If you’re promoted to a new job within the company you’ve been at for years, you’re not as high of a risk. A shiny new title that puts you higher up within a different company makes you more likely to get lower rates. Simply put, if your job is risky, your quotes will be higher. Even a surgeon is more likely to pay higher rates than a teacher.

Drivers Have Changed


Adding or removing a driver can make a big difference in your quotes, especially if you’re adding a new driver. Your teen is super excited about finally having a driver’s license, but the reality is that it will cost a pretty penny to add them. Young drivers are considered high-risk. Older people are also considered high-risk if they’re over 60 years young.

The general consensus is that younger drivers are inexperienced, and older drivers have slower response times and more health issues. When looking at those factors and related statistics, insurance quotes go up. There’s a solid age group between mid-20s to about mid-50s where you can get a decent quote as long as your driving history is clear.

If any of these people who are added to your policy, young or old, have less than stellar driving records, you’re looking at an increase in premiums, too. The insurance reps will look them up to verify their records, and if there is something you don’t know about, you’ll find out when you experience whiplash at hearing that quote. It means someone has some explaining to do.

There Are Too Many Inquiries


Most insurance companies will run a credit check to see where your credit score lies to give you a good insurance quote. Some do a soft check that doesn’t hurt your score, and others do a hard check. A hard check can significantly impact your credit score, so if you have it checked too often, that doesn’t look good to other companies or your score.

It’s also possible to make too many inquiries on your driving history. Every time you apply for a car insurance quote, your history is looked at. They check for violations, accidents, or any claims that have been filed in the past. What you do next is critical to your quote—be upfront about anything that has happened where your insurance company was contacted. If you lie, and they catch it, your insurance premiums can go up because they’ll see you as untrustworthy.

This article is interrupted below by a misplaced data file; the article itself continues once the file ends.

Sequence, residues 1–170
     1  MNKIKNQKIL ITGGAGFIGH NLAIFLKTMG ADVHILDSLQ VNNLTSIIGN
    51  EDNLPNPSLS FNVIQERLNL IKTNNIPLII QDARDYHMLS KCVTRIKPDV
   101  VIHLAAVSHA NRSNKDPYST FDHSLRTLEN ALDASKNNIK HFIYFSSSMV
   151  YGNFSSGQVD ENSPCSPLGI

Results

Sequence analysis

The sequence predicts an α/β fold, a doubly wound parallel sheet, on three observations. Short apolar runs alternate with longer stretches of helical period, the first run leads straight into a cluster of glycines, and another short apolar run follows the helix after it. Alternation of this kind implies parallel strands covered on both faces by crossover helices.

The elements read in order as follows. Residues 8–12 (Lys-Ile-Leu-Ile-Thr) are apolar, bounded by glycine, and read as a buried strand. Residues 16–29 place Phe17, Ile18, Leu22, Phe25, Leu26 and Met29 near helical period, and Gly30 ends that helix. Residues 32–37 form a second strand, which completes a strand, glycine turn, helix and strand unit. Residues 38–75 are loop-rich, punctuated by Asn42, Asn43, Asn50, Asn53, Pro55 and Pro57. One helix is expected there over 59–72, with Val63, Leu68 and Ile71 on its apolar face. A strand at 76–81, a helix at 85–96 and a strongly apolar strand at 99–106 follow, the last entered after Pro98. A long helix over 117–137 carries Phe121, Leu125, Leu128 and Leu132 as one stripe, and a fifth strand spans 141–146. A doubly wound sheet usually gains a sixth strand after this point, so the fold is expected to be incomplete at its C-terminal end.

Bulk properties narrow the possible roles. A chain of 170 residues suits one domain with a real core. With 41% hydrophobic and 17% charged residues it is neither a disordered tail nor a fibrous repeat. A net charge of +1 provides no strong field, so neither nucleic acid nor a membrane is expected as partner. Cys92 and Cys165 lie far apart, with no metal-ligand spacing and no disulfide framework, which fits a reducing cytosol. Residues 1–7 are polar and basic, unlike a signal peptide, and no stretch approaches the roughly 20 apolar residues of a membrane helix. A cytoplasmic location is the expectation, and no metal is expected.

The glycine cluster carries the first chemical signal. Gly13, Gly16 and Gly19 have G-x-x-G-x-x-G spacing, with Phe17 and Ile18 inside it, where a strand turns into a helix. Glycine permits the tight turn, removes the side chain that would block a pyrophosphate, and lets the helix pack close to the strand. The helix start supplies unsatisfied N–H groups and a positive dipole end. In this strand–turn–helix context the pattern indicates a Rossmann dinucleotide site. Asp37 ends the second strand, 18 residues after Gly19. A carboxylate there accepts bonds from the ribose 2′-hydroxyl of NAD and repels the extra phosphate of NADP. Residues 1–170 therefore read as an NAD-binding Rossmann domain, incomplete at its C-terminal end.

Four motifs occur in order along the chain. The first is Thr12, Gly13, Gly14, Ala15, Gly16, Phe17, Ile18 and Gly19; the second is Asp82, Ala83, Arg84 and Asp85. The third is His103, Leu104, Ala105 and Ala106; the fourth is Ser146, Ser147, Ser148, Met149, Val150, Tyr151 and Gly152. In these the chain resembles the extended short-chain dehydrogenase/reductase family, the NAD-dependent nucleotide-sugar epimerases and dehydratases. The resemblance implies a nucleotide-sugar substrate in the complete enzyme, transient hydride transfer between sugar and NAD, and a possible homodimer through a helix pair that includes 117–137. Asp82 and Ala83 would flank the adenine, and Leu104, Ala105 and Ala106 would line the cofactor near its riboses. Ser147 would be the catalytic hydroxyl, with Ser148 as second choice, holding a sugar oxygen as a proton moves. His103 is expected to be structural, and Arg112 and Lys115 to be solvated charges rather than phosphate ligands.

Insurance companies understand that violations and accidents happen. It’s why they exist and why these reps have jobs. Be honest about what you’ve got going on in your driving history and your credit. If they ask you about any debts that you have, always tell them the truth because they’ll find out one way or another. If they find out you lied, you’re going to have consequences in the form of higher premiums.

Quotes Change—It’s Normal

Expect to have a difference in quotes between companies, too. They each have a different set of statistics and patterns they analyze to give you your quote. Where you live can make a difference, but don’t lie about it for the sake of a lower premium. Doing so can void your coverage if you file a claim and the location is wrong.

When you get a new job, let the insurance company know so they are appropriately equipped to handle anything that might come up in the future. Also, keep them informed about any drivers that need to be added to or removed from your policy, and be careful about inquiries. Remember not to get more than about five at a time to minimize the impact on your credit.How to Shop for Car Insurance Quotes Online